‘The Michael Jordan of wheelchair basketball’ has returned

Patrick Anderson dipsy doodles around the basketball court in his wheelchair during a recent friendly match against Japan at the Pan Am Centre in Scarborough, Ont. He dekes around opponents, changes speeds on a dime, shoots the ball from practically anywhere and hits nothing but net.

Kady Dandeneau, who plays on Canada’s national women’s wheelchair basketball team, watches Anderson from the sidelines in awe.

“He has been called the Michael Jordan of wheelchair basketball which says a lot about his talent, work ethic and achievements,” Dandeneau says.

She adds, “The guy can shoot the lights out. He’s got a ton of speed. He’s just all all-around amazing player.

Anderson helped Canada win the Paralympic gold medal in 2000, 2004, as well as silver in 2008. The fact he is back on the court with the Canadian men’s wheelchair basketball team is welcome news.

The team has struggled since Anderson took time off after a highlight-reel performance at the London 2012 Paralympics, where he helped Canada win another gold medal.

After those Games, Anderson moved to Brooklyn, N.Y., to follow his other passion — making music with his wife Anna. They have a band together called the Lay Awakes.

They also started a family and now have two young children. But Anderson continued to play basketball for fun. Before the 2016 Paralympics in Rio, Anderson came back to mentor and play against the Canadian team.

When he saw some of the special talent coming up, he decided to come out retirement.

“When I was playing against these guys, I just saw a lot of potential,” he says. “I saw guys who were really ready to make a splash internationally.

WATCH | Patrick Anderson’s crazy ball skills:

After a hiatus, veteran player Patrick Anderson is back on Team Canada with sights set on Tokyo 2020. 1:08

One more shot

He was worried about not giving 100 per cent effort to his fledgling music career. But after talking to his wife, he decided to give basketball one more shot.

realize music is something we continue to do and improve beyond 50, whereas my window for basketball was small.

Anderson waves the Canadian flag atop of the basket after Canada captured gold at the 2000 Paralympics in Sydney, Australia. (Katsumi Kasahara/Associated Press)

It remains a long shot that Anderson will be able to get Canada back on the podium in Tokyo in 2020. The team finished a disappointing 12th at the 2018 world championship in Hamburg, Germany.

But Anderson attributes that to the team not aiming high enough and not believing in themselves. He’s hoping to help Canada qualify for the Games by finishing in the top three at the Parapan American Games this August in Lima.

Overcoming obstacles that might stop others in their tracks is nothing new.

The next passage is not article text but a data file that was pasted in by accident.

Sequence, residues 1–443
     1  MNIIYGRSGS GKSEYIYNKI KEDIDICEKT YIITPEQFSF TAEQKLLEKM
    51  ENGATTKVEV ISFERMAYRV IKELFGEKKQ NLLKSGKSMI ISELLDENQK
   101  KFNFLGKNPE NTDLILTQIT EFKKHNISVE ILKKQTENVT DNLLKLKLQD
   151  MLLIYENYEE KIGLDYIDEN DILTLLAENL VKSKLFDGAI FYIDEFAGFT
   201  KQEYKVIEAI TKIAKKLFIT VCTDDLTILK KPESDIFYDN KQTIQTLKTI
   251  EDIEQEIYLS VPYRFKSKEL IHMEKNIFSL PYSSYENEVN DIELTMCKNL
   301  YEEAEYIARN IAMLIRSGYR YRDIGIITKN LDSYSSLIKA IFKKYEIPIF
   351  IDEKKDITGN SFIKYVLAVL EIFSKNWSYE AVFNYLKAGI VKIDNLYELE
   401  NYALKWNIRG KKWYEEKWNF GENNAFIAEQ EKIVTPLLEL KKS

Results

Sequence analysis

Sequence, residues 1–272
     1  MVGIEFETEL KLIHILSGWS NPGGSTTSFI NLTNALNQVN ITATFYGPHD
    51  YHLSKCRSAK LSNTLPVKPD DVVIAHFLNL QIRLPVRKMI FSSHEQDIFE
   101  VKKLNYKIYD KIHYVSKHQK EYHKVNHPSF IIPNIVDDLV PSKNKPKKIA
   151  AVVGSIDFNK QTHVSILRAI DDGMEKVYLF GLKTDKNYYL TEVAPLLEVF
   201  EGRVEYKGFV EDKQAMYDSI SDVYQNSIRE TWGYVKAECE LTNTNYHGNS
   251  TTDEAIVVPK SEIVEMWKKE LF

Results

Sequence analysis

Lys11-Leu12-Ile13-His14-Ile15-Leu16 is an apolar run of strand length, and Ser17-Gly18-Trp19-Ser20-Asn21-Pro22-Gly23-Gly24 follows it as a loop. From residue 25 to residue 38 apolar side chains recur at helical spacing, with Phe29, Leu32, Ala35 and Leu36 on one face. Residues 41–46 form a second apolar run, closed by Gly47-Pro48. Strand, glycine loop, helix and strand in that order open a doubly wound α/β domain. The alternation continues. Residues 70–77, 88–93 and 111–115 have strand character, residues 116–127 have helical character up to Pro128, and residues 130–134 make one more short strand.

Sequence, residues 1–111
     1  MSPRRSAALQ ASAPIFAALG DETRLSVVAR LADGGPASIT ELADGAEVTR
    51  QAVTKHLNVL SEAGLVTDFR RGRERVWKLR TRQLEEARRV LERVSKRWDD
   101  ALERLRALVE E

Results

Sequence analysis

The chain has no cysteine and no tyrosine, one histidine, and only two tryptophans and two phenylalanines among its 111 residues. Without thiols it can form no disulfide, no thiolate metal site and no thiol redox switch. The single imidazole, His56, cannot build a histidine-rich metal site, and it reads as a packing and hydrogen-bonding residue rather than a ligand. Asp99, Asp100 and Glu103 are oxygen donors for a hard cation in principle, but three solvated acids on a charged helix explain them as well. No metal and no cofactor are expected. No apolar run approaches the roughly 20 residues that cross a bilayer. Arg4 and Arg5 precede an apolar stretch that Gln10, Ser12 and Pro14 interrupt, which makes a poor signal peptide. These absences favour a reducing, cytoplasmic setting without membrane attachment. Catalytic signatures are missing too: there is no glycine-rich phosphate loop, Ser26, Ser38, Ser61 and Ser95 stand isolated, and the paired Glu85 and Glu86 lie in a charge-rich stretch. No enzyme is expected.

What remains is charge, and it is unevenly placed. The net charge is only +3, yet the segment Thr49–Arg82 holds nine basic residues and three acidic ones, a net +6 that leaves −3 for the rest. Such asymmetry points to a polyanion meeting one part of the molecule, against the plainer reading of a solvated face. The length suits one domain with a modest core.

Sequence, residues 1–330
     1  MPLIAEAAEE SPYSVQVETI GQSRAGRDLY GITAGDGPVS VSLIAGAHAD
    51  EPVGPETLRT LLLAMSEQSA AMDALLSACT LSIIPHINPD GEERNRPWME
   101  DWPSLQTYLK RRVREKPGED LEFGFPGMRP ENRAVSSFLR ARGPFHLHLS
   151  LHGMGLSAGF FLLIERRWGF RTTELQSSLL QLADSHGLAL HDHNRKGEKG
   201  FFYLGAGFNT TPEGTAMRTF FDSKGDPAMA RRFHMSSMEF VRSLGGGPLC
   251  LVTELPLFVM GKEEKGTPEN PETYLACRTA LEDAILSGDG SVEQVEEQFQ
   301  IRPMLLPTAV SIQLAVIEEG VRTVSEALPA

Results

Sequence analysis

Anderson grew up in Fergus, Ont., and played ice hockey and other sports as a child.

When he was nine, he was run over by a drunk driver and lost both his legs below the knee.

At 11, he started playing wheelchair basketball and did other activities that helped him develop into the special player he is today.

“Away from the game, I was always chasing my friends around town,” he says. “I come from Fergus, a town with a river in the middle and hills on either side. I was going up and down hills and trying to keep up with the able-bodied kids who were running around. I was trying to chase them in my chair.”

One other big thing that helped him develop his unique talent came courtesy of his father.

“My dad built me a basket in the backyard on a deck that I could wheel on. I’d shoot around on my legs, on my knees in my chair on my basketball chair, my day chair. I always had a basketball in my hands. I wouldn’t have thought that I was training. But essentially that is what I was doing.”

Built-in advantage

Anderson says he had great coaching from the beginning and having a long wing span, with long arms and short legs, gives him a built-in advantage.

But his body is now 39, an age when many athletes are in decline.

Anderson prefers to look at the exceptions to the rule including sporting greats like 41-year-old NFL quarterback Tom Brady and tennis star Roger Federer (37).

“To be honest, I draw inspiration from those guys. I’ve been a big Federer fan for a long time. He is a little younger than me but [he’s] in such a gruelling sport,” he says. “You don’t see guys playing at that level at that age, and Brady, I’m not a huge football fan but I’ll tune in when he’s playing for the same reason. I think people are rewriting the book on what can be done in your late 30s early 40s.”

That’s not to say Anderson didn’t have doubts about how his body would react.

“I have been pleasantly surprised. The more work I put in, some of the stuff I could do in my 20’s — some of it is coming back.”

One of the 20 something up-and-coming members of Team Canada Liam Hickey is impressed.

“He is relentless. He’s the smartest basketball player I’ve ever seen,” Hickey adds, “He’s also the hardest worker. He’s the best player in the world and he’s still putting all this work into the small details.”

Read more at CBC.ca

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